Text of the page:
Millennials who begin their careers with $30,000 in student loan debt may find themselves with $325,000 less at retirement than their debt-free peers, according to new findings from LIMRA Secure Retirement Institute.
A new report from LIMRA Secure Retirement Institute looks at the effects education debt can have on retirement savings.
A full consideration of retirement security has to account for debt, according to the report, Calculated Choices: Examining Debt and Retirement Savings Decisions. Having debt reduces the money available to save and limits funds available for retirement expenses. Looking at financial assets in isolation may understate the gravity of the retirement lsquo;crisis.
Researchers at the Secure Retirement Institute found that a 22-year old who begins his or her career with $30,000 of student loan debt could reach retirement with $325,000 less than a peer who is not burdened with an education loan. For $50,000 of debt, the amount is closer to $530,000 less in retirement savings.
The general belief has always been an investment in education was worthwhile because it would result in a higher paying career, LIMRA states. However, the recession impacted millennials at the start of their careers, with many ending up unemployed or underemployed for years after they graduated.
While companies that administer 401(k) and other defined contribution (DC) plans report high participation rates by millennials, LIMRA finds the debt-burdened millennials are saving at a lower rate.
According to LIMRAs research, millennials without student loans are 60% more likely to maximize their employer match compared with those who are paying education loans.
Outside of mortgages and home equity loans, student loans comprise the highest median amount of debt.
According to LIMRA, more than 20% of the US population have student loans. (In comparison, 43% of US households have mortgage and home equity debt and 38% hold credit card balances.)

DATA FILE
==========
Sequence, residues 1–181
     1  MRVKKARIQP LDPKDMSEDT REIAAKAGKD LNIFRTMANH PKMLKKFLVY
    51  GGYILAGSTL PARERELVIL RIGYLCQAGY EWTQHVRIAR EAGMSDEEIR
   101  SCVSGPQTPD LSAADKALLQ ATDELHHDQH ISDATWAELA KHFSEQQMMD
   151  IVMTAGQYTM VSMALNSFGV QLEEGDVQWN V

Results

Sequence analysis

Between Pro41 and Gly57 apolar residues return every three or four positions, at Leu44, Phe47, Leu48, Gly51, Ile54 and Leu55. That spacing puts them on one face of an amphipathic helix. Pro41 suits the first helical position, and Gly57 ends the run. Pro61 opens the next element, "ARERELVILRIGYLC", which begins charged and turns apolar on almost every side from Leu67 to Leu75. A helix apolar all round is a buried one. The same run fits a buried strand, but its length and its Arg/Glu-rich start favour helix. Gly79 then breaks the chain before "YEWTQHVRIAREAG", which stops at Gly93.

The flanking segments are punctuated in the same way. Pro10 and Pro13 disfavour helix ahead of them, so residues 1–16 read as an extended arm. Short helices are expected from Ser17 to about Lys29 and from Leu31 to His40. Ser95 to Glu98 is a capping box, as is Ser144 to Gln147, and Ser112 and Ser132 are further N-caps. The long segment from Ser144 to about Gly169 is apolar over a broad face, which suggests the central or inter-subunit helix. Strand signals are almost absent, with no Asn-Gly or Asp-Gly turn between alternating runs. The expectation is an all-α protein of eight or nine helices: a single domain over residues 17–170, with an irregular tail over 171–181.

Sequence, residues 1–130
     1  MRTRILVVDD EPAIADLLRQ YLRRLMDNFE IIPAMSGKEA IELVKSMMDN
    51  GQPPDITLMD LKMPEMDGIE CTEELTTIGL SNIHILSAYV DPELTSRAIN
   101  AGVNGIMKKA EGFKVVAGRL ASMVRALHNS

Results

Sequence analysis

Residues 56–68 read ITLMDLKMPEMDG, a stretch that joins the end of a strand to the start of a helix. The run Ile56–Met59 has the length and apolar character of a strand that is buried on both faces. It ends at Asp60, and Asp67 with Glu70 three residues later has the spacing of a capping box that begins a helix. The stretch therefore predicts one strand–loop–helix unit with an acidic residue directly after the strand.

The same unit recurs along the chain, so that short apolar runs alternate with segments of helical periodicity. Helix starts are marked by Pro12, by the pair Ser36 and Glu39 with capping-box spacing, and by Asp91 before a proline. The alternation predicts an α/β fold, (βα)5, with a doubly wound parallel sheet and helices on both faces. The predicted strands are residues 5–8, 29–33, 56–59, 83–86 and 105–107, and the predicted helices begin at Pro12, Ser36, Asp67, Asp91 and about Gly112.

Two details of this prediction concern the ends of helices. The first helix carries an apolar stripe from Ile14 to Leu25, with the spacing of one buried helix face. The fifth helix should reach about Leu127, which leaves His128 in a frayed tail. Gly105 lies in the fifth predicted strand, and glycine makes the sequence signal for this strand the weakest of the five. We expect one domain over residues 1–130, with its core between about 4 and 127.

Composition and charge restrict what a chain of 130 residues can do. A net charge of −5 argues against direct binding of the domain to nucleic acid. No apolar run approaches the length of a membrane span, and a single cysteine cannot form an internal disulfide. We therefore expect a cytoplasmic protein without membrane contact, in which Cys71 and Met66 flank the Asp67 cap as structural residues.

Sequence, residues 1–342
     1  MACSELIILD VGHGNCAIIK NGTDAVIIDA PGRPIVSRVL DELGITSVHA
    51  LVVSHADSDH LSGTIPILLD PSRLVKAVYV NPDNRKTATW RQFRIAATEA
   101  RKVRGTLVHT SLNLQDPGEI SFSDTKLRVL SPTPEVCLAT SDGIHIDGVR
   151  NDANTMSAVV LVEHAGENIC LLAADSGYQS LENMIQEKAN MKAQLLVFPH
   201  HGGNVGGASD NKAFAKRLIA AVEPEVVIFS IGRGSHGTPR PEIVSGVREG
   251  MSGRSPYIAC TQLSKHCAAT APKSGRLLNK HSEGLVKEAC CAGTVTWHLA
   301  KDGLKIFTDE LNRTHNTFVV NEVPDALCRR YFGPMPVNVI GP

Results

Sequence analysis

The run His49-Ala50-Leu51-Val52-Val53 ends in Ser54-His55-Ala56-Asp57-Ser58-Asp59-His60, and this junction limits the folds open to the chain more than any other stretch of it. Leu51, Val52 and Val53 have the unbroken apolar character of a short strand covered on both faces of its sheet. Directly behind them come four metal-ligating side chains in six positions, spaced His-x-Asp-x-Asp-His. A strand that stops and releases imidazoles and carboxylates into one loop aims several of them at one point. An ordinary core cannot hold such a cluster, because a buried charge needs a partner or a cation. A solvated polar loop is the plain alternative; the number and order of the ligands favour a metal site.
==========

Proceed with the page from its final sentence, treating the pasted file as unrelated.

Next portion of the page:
The under-35 age group has more than tripled its education debt since 1989. According to LIMRAs report, the average education debt increased from $3,000 in 1989 to over $19,500 in 2013 for this age group.
LIMRA finds this is largely due to increases in college tuition.
LIMRA looked at The College Board data showing that the average tuition and room and board charges for a public four-year school were $9,000 in 1990 and increased to $19,000 in 2015. For a private four-year school, the average tuition and room and board charges were $24,000 in 1990 and increased to $42,500 in 2015, according to The College Board.
LIMRA also looked at how much education debt pre-retirees and retirees hold.
For pre-retirees age 55 to 64, the average education debt has increased from $600 in 1989 to just under $8,000 in 2013.
The large increase in education debt indicates that many pre-retirees are taking on their childrens and grandchildrens student loans, LIMRA states. They may also have their own student loans if they sought additional schooling for a second or third career.
Meanwhile, retirees age 65 to 74 took essentially no education debt into retirement in 1989.
According to LIMRA, the average education debt for this age group increased from $400 in 1989 to more than $2,300 in 2013.
As with other forms of debt carried into retirement, education loans can hamper a retirees ability to meet discretionary and nondiscretionary expenses, LIMRA states.
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